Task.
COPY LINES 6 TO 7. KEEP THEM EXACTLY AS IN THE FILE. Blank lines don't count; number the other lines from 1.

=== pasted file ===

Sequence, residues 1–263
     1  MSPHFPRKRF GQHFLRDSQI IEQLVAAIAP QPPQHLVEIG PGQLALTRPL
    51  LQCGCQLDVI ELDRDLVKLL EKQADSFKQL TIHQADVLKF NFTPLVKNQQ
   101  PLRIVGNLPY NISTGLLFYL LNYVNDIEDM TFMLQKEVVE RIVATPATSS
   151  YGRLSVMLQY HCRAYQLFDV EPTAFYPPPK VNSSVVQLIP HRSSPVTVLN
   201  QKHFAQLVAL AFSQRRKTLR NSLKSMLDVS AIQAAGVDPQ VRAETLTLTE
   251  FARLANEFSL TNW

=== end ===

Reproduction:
   201  QKHFAQLVAL AFSQRRKTLR NSLKSMLDVS AIQAAGVDPQ VRAETLTLTE
   251  FARLANEFSL TNW